|Photo by Elena Prokofyeva|
For the second person in my legacy series, I'd like to write about my friend Betty. Betty passed away in November in her 90's. It may seem odd, but I still don't believe she has passed. I know it in my head, but in my spirit she lives on. It feels as though I should still see her walking down the halls of my old church when I visit. I guess I haven't quite reached the acceptance stage of grief for Betty.
A huge part of Betty that will live on is her humbleness of spirit. Even when she passed, she did not want attention drawn to herself. A funeral was not supposed to be held to remember her, so we gathered for lunch in the fellowship hall of her church to celebrate her life through fellowship and shared remembrances. In some ways, I felt a little hurt by this. Betty deserved to have a full-out funeral and to be remembered for the amazing person that she was. But, that's not what she wanted. The time we did share was nice and I think she may have approved.
When I think about the legacy Betty left, I first think of the many people she touched in quiet ways. She was a "worker bee" type who spent many hours volunteering at the church. Being on staff at the time, I saw her at random times throughout the day and week, working on various tasks. As a staff, we would often point out that we needed to try and make a list of all that Betty did in case she ever passed and we didn't even know all of the small tasks that we'd have to find someone else to fulfill. That was her way of serving. She had her tasks and she did them well. She also loved the fellowship of being at the church, especially after her son passed. Betty loved to talk and I had many conversations with her in the front office, in the hallways, or in my office, when she went up to check the balcony. Conversations with Betty led to a wide range of topics. It may start out with frustration about the copier, but she would end up talking about her past and her travels or how much she loved the kids in her neighborhood. I have to laugh because some days I had to calculate whether I had the time to go down and make a copy when Betty was there, because a two minute task could turn into 30 minutes! But I enjoyed talking with her and I knew deep down that even talking to Betty was ministry, because sometimes she just needed to talk.
To me, Betty was an encourager. As the youth director at the time, Betty would always tell me what a good job I was doing and how important she believed youth ministry was for teenagers, especially in our area. She really "got it." Something that not everyone does. She didn't believe teenagers were a nuisance, but people to be treasured and cared for. This was evidenced by her taking care of the balcony, a frequent hangout for the teens of the church. Instead of getting upset about the teens writing in the pew pads, she would read their notes and look at their drawings. The drawings often tickled her to laughter. The notes drew her to prayer. A few times she shared them with me out of concern. Youth ministry needs more Betty's.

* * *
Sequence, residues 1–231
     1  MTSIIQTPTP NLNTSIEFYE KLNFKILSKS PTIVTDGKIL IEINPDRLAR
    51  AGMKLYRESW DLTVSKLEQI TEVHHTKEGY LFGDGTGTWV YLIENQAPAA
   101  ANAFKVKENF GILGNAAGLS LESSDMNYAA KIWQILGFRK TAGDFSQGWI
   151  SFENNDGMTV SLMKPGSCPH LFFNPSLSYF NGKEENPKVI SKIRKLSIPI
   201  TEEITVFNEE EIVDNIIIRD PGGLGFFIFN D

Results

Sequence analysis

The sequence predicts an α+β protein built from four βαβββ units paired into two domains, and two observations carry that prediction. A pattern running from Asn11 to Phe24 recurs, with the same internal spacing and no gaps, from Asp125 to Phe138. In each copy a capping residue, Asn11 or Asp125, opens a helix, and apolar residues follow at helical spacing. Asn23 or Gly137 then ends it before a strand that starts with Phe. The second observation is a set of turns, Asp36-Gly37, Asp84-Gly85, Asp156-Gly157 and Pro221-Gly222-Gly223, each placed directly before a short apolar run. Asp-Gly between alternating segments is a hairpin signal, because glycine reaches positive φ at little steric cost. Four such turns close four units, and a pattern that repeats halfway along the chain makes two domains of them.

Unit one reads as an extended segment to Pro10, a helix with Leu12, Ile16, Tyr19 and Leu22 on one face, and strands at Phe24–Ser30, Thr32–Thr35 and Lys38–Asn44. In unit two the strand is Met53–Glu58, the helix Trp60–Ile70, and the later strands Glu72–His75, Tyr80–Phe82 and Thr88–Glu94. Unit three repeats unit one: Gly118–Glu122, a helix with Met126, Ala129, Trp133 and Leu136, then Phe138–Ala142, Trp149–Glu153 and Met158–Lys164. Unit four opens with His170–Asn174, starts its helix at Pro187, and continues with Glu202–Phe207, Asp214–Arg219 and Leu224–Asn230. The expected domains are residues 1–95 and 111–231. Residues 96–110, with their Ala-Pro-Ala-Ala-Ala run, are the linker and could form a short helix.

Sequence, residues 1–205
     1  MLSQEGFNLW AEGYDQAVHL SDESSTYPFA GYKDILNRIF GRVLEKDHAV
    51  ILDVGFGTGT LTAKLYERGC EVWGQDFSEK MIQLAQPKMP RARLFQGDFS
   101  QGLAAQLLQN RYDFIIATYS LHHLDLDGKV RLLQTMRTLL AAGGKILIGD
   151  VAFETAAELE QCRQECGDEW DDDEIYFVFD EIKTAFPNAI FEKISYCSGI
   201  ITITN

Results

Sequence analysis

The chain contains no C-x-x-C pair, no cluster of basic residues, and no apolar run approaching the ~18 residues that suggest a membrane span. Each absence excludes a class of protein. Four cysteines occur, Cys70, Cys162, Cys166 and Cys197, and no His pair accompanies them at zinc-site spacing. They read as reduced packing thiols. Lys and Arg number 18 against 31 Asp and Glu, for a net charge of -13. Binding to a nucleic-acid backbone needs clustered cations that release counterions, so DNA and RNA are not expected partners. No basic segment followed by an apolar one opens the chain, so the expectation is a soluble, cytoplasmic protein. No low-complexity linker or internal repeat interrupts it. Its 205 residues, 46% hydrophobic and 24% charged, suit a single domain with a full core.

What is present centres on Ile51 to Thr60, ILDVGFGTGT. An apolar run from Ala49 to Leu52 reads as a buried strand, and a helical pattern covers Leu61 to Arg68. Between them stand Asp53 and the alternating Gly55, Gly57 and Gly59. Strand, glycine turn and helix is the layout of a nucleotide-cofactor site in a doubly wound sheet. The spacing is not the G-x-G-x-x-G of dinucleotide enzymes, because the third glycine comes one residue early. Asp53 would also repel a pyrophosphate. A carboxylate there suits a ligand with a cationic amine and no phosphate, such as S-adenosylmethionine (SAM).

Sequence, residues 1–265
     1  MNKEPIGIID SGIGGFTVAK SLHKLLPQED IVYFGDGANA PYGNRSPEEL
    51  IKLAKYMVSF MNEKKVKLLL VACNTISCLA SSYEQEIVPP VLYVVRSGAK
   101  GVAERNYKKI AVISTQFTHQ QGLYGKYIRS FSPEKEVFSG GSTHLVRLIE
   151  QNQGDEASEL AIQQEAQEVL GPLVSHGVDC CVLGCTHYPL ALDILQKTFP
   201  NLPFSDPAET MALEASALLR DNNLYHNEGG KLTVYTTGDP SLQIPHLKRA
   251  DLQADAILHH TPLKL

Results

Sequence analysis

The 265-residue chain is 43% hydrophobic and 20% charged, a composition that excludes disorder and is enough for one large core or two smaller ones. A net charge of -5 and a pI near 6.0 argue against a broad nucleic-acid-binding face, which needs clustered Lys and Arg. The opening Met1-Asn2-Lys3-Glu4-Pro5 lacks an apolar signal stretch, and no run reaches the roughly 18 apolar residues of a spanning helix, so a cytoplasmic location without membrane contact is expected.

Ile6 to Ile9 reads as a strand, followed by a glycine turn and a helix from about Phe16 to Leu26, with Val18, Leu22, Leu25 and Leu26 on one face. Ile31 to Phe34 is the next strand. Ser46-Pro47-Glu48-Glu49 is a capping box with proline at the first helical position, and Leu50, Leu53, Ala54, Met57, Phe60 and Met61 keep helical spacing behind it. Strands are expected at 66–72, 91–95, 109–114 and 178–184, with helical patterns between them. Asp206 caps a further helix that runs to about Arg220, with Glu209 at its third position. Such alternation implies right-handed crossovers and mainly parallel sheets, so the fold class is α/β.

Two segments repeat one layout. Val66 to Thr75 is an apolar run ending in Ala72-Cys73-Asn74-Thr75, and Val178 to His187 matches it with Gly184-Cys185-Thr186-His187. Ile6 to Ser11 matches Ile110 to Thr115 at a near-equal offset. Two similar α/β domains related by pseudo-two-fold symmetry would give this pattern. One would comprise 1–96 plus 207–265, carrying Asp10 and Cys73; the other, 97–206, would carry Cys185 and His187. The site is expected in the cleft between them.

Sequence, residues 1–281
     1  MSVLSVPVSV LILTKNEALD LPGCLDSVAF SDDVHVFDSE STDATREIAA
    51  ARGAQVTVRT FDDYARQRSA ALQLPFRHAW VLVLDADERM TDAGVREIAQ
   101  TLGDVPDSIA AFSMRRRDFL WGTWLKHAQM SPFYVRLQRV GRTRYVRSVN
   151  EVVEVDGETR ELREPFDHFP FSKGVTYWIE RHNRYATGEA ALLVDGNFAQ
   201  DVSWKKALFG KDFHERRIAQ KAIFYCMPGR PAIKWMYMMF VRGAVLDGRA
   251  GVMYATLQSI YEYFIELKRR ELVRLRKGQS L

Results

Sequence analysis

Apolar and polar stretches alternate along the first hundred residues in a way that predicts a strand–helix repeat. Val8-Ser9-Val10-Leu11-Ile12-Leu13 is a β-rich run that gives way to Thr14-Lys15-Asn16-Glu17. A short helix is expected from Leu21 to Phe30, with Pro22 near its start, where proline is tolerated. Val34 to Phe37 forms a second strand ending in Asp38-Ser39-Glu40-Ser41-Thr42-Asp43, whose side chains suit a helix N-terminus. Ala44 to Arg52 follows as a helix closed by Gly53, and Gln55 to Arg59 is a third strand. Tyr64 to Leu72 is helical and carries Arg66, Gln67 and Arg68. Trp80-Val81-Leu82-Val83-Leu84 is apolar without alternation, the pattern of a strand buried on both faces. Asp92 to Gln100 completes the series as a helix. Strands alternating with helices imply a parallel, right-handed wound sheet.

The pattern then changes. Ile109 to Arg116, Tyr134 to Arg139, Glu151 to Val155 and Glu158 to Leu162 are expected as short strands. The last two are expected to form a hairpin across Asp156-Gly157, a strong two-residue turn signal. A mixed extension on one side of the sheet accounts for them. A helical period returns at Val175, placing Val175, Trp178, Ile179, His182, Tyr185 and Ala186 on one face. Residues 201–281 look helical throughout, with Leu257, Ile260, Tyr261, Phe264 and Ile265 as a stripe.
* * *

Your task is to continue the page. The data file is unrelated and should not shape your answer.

Betty also encouraged those in her "inner circle" to step outside of themselves to care for her. She would never say she wanted this or asked for it, but as a widow living by herself, she needed her friends and fellow church members to step up and help her when she had one of her falls or when she needed reminders to eat more or a ride to the doctor. As a widow, God used many others to play a role in her care. I believe there is something beautiful in that.
A big part of Betty's legacy is her role as a military wife and a mother of an adopted son. I don't know a whole lot about this area of her life, but I know she gave it all she had. She took on the challenges of life as a military wife and worked extremely hard to make a good life for her family. Even in her widowhood, she still kept that up in her stubbornness and not wanting to ask for help. She had to do things on her own for many years through moves and deployments so why should now be any different? I also don't know the depths of her relationship with her son, but I know that she loved him with abandon. She worked hard to help him through all of his medical challenges and for years she spent most of her life taking him to and from doctors and dialysis appointments. She loved him despite many challenges and worked hard for her son.
Betty's roles as a humble worker bee, encourager, a catalyst for care and loving wife and mother will live on. She also really liked milk shakes from Chick-fil-A. Let's go have one in her honor!